Chemistry 361 Quantum Chemistry And Chemical Kinetics

Preparing to load PDF file. please wait...

0 of 0
100%
Chemistry 361 Quantum Chemistry And Chemical Kinetics

Transcript Of Chemistry 361 Quantum Chemistry And Chemical Kinetics

CHEM 366 FALL 2006
CHEMISTRY 361 QUANTUM CHEMISTRY
AND CHEMICAL KINETICS
Enrique Peacock-L´opez1, ∗ 1Department of Chemistry Williams College Williamstown, MA 01267
(Dated: June 17, 2006)
Abstract
The early XX century saw the birth of the theory of relativity. This theory was developed after the 1887 Michelson and Morley’58 experiment which was designed to reveal the earth’s motion relative to the ether. In an effort to explain the experimental facts, Poincare and Einstein altered the ideas and concept of space, time and astronomical distances. Most of the development of the the theory of relativity was carried out by the latter scientists. In contrast Quantum chemistry took several decades and many contributors to be developed. This theory can be seen as an extension of classical mechanics to the subatomic, atomic and molecular sizes and distances.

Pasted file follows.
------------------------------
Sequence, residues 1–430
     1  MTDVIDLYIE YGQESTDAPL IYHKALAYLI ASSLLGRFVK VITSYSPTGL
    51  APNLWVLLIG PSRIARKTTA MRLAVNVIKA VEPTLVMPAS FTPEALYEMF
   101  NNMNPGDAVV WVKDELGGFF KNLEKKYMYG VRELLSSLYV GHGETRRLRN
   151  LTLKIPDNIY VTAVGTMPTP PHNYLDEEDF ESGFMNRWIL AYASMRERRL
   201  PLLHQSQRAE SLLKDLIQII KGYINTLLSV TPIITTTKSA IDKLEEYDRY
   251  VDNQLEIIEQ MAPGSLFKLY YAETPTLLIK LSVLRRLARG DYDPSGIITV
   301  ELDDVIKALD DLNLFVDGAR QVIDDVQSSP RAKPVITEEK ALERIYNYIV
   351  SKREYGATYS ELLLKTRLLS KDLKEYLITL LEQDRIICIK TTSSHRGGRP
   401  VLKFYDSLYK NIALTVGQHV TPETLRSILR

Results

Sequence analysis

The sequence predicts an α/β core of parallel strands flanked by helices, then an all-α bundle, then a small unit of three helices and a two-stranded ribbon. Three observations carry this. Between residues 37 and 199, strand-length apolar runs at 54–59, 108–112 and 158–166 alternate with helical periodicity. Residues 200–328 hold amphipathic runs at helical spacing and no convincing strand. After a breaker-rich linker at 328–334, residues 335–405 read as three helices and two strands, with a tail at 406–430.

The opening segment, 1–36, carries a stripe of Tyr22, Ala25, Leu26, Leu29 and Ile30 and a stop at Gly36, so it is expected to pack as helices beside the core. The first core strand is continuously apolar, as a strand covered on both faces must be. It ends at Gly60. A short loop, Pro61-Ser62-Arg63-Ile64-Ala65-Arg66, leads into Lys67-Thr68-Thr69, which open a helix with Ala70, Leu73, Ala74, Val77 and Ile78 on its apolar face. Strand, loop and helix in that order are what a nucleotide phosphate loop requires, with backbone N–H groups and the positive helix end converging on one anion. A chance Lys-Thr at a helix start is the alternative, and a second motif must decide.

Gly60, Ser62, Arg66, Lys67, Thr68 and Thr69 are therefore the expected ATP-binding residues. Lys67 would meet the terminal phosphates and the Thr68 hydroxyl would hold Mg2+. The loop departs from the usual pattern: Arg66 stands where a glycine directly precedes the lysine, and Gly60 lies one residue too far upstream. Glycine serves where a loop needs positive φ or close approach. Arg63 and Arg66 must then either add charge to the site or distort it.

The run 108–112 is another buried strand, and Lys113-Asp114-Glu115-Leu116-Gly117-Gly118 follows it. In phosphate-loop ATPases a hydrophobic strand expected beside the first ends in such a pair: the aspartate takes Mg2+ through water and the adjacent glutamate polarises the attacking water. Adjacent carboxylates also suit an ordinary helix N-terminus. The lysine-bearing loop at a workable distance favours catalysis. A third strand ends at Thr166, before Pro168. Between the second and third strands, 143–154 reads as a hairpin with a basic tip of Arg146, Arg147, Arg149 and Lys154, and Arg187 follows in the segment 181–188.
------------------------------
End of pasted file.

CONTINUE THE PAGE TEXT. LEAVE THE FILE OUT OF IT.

In this course we will study the fundamental theory of electrons, atoms and molecules known as Quantum Chemistry. In our approach we will follow the historical development of Quantum Chemistry. In this approach we will see how Quantum Chemistry gradually evolves from confusion and dilemma into a formal theory.
∗Author to whom correspondence should be addressed. Electronic address: [email protected]
1

Lecture 1
As we have seen in previous chapters, the world we experience with our senses is a world described by Thermodynamics, Classical Mechanics and Classical Electromagnetism. It is a macroscopic world based in macroscopic laws. But scientist have long recognized experimentally the existence of small particles which are the components of matter. Therefore it is natural to look first for microscopic laws that explain the particle’s behavior, and second we have to look for a theoretical approach that will link the microscopic laws with the macroscopic laws.
Towards the end of the XIX century, many physicist felt that all the principles of physics had been discovered and little remainded to be understood except for few minor problems. At that time our world was understood using Classical Mechanics, Thermodynamics and Classical Electromagnetism. For example in Classical Mechanics or Newtonian Mechanics we needed to find the dynamical variables of the system under study. Once done this, we needed to construct the equation of motion which predicted the system’s evolution in time. The predicted behavior was finally compared with the experimental observations.